Arthritis is the Most Common Cause of Disability in the U.S.
Arthritis is the number one cause of disability in the U.S. There are over 50 million adults and almost 300,000 children under the age of 18 that have been diagnosed with some form of arthritis. One-third of adults with this chronic condition is limited in the work they can do which results in up to $156 billion in lost wages and medical expenses annually.
Types of Arthritis
There are over 100 types of arthritis, but the most common forms are osteoarthritis, rheumatoid arthritis, gout, fibromyalgia, childhood arthritis, and systemic lupus erythematosus. In general, arthritis is the inflammation of one or more joints and connective tissue, the immune system, and in some cases, internal organs. Almost half of the people who have been diagnosed with arthritis also have one or more chronic health condition such as heart disease, diabetes, obesity, or high blood pressure.
What Causes Arthritis?
In most cases, arthritis causes are unknown, but genetics, lifestyle, and environment may play a role. The chance of developing arthritis increases with age, and women are more likely to develop the condition than men with the exception of gout, which is more common in men. Other causes of arthritis include:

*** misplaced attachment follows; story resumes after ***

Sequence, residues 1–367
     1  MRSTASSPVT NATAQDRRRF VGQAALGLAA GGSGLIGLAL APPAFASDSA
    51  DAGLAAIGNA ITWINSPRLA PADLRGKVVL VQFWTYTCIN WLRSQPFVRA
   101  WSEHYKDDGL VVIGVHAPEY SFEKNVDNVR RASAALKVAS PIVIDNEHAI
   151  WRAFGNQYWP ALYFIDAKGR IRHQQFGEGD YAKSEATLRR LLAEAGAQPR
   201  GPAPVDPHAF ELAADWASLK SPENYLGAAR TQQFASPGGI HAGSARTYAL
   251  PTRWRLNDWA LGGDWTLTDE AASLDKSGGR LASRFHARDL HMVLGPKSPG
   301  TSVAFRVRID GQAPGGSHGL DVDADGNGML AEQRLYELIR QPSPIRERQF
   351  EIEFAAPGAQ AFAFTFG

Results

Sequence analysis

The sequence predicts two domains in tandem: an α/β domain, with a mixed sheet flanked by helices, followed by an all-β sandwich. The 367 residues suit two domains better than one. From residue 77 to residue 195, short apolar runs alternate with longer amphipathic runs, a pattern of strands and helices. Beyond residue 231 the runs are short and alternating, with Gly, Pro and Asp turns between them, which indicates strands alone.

- Joint Injuries
- Infections That Affect the Joints
- Certain Occupations That Involve Repetitive Motions
Arthritis symptoms can vary depending on the type of arthritis, but typical symptoms are a pain, swelling, and stiffness in one or more joints. The symptoms can develop gradually or suddenly, but because arthritis is a chronic disease, the symptoms may come and go and last for differing amounts of time. It is important for a person to be specific about their symptoms when they talk to their doctor so that they can properly diagnose the type of arthritis.
There are a variety of treatments for arthritis that can help improve mobility and quality of life while minimizing pain and joint damage. Some treatments include medication, weight loss, physical therapy, and as a last resort, surgery. There are also self-management programs where trained instructors hold workshops teaching people how to deal with arthritis pain, how to properly use medication, and how to properly exercise. Participants are also taught how to effectively communicate their symptoms to family, friends, and co-workers.